Watseka, Manteno: All Dressed Up and Ready to Go
PHOTO CREDIT: Jeff Adkins
Many American small towns tell a sad tale of deserted Main Streets and dwindling amenities. But Watseka and Manteno are turning that story upside down, becoming two of Kankakee County’s most popular destinations.
Watseka Theatre a Star
In Watseka, both residents and visitors are flocking to a rehabbed downtown block, where they can enjoy a meal, see a concert and shop, courtesy of one couple’s vision.
Chuck Gomez, a professional musician and concert/special events producer in Chicago, nurtured a longtime dream to rehab his hometown Watseka theater, which had closed in 1998. An attempt 25 years ago to buy the building fell through, but in May 2007 he and life partner Debra Liddell succeeded. Designed by famed architect Louis Skidmore, the Art Deco movie house needed work.
“It was in trouble,” Gomez recalls. “The basement had six feet of water standing in it for 10 years, broken windows, floors rotted, seats fallen through, falling plaster – a true mess.”
Undaunted, the couple took on the rehab, and opened the following New Year’s Eve. The 300-seat Watseka Theatre has since bloomed, offering enthusiastic area audiences everything from major country music and rock acts to internationally recognized comedy shows to vaudeville and the annual Watseka Blues, BBQ and Arts Festival. A storefront, part of the building’s façade, became the Club Café serving pizza and pasta weekday evenings and gourmet dinners with accompanying live music on Friday nights. An adjacent former town hall became an ice cream parlor, and Liddell’s artful accessories are offered at nearby Artful Endeavors.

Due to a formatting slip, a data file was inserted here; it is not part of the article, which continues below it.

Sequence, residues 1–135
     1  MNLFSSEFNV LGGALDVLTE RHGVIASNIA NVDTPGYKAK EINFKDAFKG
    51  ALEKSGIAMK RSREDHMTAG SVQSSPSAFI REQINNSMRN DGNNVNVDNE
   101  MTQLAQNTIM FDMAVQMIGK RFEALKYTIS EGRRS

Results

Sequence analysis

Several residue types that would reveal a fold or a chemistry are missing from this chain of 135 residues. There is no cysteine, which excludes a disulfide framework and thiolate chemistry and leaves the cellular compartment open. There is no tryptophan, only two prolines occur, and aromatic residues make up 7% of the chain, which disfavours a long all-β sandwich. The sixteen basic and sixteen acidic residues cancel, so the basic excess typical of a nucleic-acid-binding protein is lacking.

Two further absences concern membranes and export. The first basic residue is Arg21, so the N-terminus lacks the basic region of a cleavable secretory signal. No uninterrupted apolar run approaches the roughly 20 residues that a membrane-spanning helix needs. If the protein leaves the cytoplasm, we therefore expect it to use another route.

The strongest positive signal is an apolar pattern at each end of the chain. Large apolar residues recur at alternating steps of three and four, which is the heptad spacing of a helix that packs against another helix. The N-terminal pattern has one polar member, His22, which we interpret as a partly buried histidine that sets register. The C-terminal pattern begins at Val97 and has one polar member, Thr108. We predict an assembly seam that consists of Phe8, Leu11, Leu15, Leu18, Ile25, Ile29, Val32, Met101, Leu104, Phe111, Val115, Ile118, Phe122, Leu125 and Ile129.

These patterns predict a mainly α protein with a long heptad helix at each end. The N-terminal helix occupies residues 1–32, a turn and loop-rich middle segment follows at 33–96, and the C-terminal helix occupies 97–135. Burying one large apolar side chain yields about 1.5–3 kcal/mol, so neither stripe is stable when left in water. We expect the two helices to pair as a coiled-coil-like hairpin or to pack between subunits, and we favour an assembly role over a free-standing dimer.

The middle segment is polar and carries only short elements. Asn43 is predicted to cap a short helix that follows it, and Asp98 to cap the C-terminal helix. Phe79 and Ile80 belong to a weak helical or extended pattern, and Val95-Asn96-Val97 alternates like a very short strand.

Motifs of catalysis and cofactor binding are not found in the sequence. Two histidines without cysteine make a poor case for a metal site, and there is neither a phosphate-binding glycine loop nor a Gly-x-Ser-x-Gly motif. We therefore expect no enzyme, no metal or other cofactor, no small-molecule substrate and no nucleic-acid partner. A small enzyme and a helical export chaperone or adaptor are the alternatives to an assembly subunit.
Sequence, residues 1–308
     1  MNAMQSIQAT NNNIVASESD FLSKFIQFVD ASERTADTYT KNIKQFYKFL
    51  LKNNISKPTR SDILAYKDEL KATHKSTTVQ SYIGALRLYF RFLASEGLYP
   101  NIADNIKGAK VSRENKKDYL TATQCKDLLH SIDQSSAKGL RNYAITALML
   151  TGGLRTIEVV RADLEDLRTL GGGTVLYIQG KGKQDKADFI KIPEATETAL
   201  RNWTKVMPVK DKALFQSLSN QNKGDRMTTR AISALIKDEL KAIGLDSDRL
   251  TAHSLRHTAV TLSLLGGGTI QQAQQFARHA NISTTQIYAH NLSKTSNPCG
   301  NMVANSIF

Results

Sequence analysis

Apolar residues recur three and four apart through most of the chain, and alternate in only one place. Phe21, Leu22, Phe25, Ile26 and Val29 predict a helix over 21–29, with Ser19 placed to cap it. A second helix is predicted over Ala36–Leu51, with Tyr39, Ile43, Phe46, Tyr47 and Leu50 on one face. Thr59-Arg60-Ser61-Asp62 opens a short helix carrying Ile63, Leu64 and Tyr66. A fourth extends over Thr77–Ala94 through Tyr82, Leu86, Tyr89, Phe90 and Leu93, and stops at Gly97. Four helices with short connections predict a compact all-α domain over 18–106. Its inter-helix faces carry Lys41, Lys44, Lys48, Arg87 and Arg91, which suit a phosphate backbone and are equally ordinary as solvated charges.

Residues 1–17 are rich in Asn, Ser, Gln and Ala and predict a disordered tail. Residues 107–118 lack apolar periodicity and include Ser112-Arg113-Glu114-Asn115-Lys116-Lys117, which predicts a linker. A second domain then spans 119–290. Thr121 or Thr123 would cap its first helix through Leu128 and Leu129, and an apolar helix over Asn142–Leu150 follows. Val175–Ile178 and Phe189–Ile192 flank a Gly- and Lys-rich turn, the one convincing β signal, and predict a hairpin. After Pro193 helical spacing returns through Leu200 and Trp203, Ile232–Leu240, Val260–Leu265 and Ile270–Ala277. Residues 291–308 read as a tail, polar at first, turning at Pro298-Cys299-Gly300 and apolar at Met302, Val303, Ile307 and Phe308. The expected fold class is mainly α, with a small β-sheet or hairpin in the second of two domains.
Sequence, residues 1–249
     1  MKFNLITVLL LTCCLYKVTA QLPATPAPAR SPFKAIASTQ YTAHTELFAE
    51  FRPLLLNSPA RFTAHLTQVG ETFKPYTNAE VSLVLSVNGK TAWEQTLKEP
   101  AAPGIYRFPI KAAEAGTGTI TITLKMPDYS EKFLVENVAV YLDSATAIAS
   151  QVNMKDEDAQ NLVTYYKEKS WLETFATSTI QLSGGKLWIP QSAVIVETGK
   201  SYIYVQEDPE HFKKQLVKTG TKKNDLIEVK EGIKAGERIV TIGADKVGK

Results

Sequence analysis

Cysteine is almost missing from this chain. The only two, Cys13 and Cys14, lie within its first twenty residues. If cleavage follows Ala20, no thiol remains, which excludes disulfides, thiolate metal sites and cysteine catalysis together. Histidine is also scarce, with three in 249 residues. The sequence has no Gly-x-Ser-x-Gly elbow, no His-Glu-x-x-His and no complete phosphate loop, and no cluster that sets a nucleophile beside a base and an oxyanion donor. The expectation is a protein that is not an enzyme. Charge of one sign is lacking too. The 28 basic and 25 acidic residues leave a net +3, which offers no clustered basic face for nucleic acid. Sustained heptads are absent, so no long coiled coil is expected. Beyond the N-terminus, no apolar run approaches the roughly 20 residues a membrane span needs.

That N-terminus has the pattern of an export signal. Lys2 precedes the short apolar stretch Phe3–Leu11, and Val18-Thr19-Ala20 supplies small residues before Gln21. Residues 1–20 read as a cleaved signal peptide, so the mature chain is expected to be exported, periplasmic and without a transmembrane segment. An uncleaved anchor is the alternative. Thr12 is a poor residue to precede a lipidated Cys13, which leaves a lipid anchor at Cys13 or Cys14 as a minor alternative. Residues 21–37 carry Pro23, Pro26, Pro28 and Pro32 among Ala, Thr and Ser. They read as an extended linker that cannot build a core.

Manteno Manicures Main Street
In Manteno, several major projects are changing the face of the village.
The first two phases of 67-acre Legacy Park, a major recreation area, were completed in 2011, giving the town 11 more soccer fields, two football fields, a splash pad, baseball practice field, 200-250-seat amphitheater, tennis courts, a playground and walking paths.
“Manteno has grown to 9,000 people in the past 10 years, and we really needed this,” says village administrator and police chief Bernie Thompson.
The park, a joint project of the village and the township of Manteno, was largely funded by $800,000 in state grants.
In spring 2012 construction will begin on a public plaza and enhanced pedestrian walkway at Main and 1st Street that will connect to a new bus transfer station across the railroad tracks on Oak Street. A joint project of River Valley Metro and the village of Manteno, the $530,000 improvement will feature a 45-foot flagpole, benches and extensive landscaping.
Another, proposed, destination plaza on Main Street at 2nd Street could begin construction as early as 2014, Thompson says. It would contain restaurants – a new Pizza Stone restaurant has opened there already – and such seasonal events as ice skating, crafts fairs, sand volleyball and other community gatherings.
“We’ve done a lot here too with streetscape along Main Street,” says Thompson. “Manteno is a very nice town, and very attractive.”